The EC also recognised that more significant changes to the rules may be required in a few key areas:
- Dual distribution – the EC is considering whether a supplier's non-reciprocal arrangements with its resellers should continue to be covered by the VBER where the supplier also sells its products directly to consumers. One option is to introduce a threshold based on the parties' market shares in the retail market, above which the block exemption would not apply;
- Active sales restrictions – the current VBER permits restrictions on a distributors' ability to make active sales to certain customer groups or territories in only limited circumstances. Recognising that this limits suppliers' flexibility to design distribution systems to suit their business needs, the EC is considering if these rules should be relaxed;
- Indirect restrictions of online sales – the VBER currently allows only very limited differentiation between online and offline sales channels, despite their inherent differences. In particular, charging the same distributor a higher wholesale price for products intended to be sold online ('dual pricing'), or imposing selective criteria for online sales that are not truly equivalent to the criteria imposed in brick-and-mortar shops (the 'equivalence' principle) are hard-core restrictions. The EC is considering whether dual pricing and/or failure to satisfy the equivalence principle should no longer be treated as hard-core restrictions, with certain safeguards; and
- Parity obligations (or "most-favoured nation" clauses) – parity obligations typically require suppliers to provide the same pricing and/or other conditions to a given customer as those offered to third parties. These provisions are exempt under the current VBER, but have been found to be harmful under certain scenarios in a number of recent cases2. The EC is considering whether it should remove the benefit of the VBER for some or all types of parity provisions and include them within the list of 'excluded restrictions'.
The CMA is known to be considering similar issues in its own review of the VBER.
What is the timetable for the replacement?
Both the UK and EU timetables centre on the expiry of the current VBER on 31 May 2022. In principle, this is the longstop date for adoption of a replacement block exemption, although this does not necessarily mean that the reform process will be entirely completed at this stage.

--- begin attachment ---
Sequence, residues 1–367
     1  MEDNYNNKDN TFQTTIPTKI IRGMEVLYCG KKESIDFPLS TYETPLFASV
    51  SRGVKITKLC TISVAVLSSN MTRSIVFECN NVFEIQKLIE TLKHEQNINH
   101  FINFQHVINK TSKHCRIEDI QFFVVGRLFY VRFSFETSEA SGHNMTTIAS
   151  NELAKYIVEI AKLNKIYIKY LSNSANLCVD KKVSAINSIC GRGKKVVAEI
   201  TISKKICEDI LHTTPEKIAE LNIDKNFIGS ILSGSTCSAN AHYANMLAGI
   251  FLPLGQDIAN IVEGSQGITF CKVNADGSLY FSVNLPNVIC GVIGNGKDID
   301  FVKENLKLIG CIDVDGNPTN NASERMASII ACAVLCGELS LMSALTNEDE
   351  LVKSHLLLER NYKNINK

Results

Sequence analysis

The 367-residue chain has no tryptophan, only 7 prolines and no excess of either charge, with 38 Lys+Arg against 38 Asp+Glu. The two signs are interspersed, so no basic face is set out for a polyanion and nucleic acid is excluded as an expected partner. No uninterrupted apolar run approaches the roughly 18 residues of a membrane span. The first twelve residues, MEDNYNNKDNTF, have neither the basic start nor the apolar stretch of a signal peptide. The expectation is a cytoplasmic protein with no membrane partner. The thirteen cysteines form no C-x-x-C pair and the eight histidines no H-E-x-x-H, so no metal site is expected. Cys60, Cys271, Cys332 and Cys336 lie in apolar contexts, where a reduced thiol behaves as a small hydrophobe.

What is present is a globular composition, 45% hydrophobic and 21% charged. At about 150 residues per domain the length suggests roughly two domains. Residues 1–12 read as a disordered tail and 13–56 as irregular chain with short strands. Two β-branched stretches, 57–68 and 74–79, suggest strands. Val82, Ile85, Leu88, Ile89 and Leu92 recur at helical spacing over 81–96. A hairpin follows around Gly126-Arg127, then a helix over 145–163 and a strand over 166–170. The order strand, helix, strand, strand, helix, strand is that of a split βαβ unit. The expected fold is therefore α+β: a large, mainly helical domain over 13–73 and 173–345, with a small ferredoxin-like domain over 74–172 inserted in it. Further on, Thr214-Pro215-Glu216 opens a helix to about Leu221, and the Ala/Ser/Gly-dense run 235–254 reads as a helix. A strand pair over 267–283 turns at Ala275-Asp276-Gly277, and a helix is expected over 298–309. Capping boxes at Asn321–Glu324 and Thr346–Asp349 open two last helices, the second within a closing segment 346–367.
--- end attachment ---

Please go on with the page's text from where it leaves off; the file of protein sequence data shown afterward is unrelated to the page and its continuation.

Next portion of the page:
In 2021, we expect to see a draft of the EU replacement regulation (possibly before the end of May), as well as the CMA's formal recommendation to the Secretary of State for Business, Energy & Industrial Strategy (BEIS).
A detailed timeline of the UK and EU's current plans is included below:
EU: EC publishes its impact assessment on the replacement of VBER for public consultation.
EU: Deadline for responses to the EC's impact assessment consultation.
EU: EC launches general public consultation on policy options for VBER replacement.
UK: CMA announces that it is reviewing the VBER.
EU: EC publishes its working paper on the application of Article 101 to agreements with 'dual agents'.
EU: Deadline for responses to the EC's general public consultation.
UK: CMA conducts stakeholder roundtable discussions.
EU: EC publishes draft replacement VBER for consultation (expected May 2021).
UK: CMA publishes draft replacement VABE for consultation.
6 July 2021
UK: Deadline for responses to the CMA public consultation.
UK: CMA will provide a final recommendation to the Secretary of State for BEIS.
End of 2021
EU: EC submits proposed replacement to the European Parliament and Council for debate and amendment.
31 May 2021
Expiry of the current VBER (and deadline in principle for replacement).
1 European Commission (DG COMP), 'Inception Impact Assessment for Revision of the Vertical Block Exemption Regulation and the Vertical Guidelines' (23 October 2020).
2 For example, investigations have been conducted into online travel agents in both the UK and EU, where MFNs are frequently used by competing booking sites (such as Booking.com and Expedia). Other cases include the CMA's investigation into motor insurance price comparison websites and the EC's investigation into several of Apple's supply relationships with publishers of e-books which are distributed on Apple devices.